By John Martin

Disappearing Gazan Christians: Gaza’s historic Christian community could disappear within the next generation, a U.K. charity has warned. A survey conducted in 2014 said the Christian Palestinian population in Gaza has shrunk to just 1,313 out of a total population of almost 2 million.

Jeremy Moodey, CEO of Embrace the Middle East, a charity doing humanitarian work in the area, says new evidence shows a further emigration has led to reduction by almost 10 percent since then.

The pace of emigration may even be accelerating, he said. During Easter some Christians were given permits to leave the blockaded territory, and about 40 did not return. He said while this did not sound like a large number, it is significant in the context of the overall population.

“This is a small community that traces its Christian origins right back to Bible times,” Moodey said at the launch of an appeal for Palestinian Christian relief work in Gaza with the Diocese of Jerusalem as its major partner.

“The emigration figures are very worrying, but those who are left make a massive difference out of all proportion to their number. They work in a tiny land beleaguered by three recent wars and a 10-year blockade. Their impact in a largely Muslim community, among young and old, male and female, is significant and needs our solidarity and support,” he said.

“Christians in Gaza run five schools, a hospital, four primary healthcare clinics, two vocational training centres, a YMCA community center and several other social projects. It’s an incredible commitment, and a humbling witness to their Christian faith. In Gaza, practically everyone bears the physical or psychological scars of war.”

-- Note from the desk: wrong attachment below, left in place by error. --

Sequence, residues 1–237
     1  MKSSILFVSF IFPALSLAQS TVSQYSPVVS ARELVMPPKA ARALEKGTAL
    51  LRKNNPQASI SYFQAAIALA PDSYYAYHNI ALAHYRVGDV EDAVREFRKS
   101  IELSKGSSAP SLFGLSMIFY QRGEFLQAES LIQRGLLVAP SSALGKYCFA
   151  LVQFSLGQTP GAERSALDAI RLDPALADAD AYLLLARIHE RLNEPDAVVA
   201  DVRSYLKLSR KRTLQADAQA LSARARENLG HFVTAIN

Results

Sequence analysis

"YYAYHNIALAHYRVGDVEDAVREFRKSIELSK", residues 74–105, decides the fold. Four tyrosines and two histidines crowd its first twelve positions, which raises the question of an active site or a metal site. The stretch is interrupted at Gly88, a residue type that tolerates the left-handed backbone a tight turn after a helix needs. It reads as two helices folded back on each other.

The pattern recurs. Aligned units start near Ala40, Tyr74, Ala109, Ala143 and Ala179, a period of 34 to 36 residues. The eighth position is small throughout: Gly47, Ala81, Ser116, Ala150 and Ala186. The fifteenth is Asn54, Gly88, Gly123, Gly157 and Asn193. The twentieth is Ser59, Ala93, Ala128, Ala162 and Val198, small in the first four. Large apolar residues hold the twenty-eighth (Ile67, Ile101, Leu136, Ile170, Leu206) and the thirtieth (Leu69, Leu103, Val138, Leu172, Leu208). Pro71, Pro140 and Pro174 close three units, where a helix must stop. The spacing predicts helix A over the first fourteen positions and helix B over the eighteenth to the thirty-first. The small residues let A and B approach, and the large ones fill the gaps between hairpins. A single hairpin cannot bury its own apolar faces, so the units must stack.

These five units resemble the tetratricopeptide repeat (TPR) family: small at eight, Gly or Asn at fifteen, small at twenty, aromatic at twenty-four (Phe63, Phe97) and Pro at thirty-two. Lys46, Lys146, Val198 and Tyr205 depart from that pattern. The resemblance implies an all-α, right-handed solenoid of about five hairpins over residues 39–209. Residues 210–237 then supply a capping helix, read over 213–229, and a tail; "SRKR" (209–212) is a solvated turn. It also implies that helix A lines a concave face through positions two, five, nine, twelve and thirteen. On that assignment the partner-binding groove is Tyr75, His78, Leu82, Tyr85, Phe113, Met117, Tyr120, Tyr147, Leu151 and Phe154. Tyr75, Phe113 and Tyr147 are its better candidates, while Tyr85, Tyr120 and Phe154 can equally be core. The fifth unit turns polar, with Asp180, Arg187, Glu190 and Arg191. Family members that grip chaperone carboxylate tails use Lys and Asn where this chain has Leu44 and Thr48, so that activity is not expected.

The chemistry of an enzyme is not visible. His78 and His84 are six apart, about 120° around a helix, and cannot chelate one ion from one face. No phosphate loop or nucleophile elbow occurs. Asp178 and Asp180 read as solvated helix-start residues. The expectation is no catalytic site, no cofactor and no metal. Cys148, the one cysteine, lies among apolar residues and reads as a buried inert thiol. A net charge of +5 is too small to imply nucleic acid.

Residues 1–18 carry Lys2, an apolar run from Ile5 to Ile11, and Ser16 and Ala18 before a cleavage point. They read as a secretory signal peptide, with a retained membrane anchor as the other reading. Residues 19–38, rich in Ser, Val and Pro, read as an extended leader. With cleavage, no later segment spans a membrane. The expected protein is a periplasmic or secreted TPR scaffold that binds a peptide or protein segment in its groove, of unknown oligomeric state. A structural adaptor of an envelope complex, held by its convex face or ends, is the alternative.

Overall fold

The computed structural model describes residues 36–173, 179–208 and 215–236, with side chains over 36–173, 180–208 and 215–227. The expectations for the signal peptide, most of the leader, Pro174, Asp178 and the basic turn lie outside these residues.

General Synod to Meet Privately: In an attempt to stave off schism about sexuality, General Synod members will meet for three days behind closed doors. The 550 members will depart from the usual Synod standing orders in groups of 20 for intensive discussion and debate.

There is no strong expectation that agreement will break out between opposing positions. The aim is to persuade members to recognize one another as fellow Christians. The architect of the sessions is David Porter, now chief of staff for Archbishop Justin Welby at Lambeth Palace.

At this stage it’s a good question how many Synod members will turn up and stay the course. Some conservative evangelicals have expressed serious misgivings about what they say is a manipulative process.

After the conversations the House of Bishops will draft an agreed statement on same-sex relationships. The aim is to try to restrict numbers of parishes at either end of the spectrum that may feel no choice but to leave the church over the issue.

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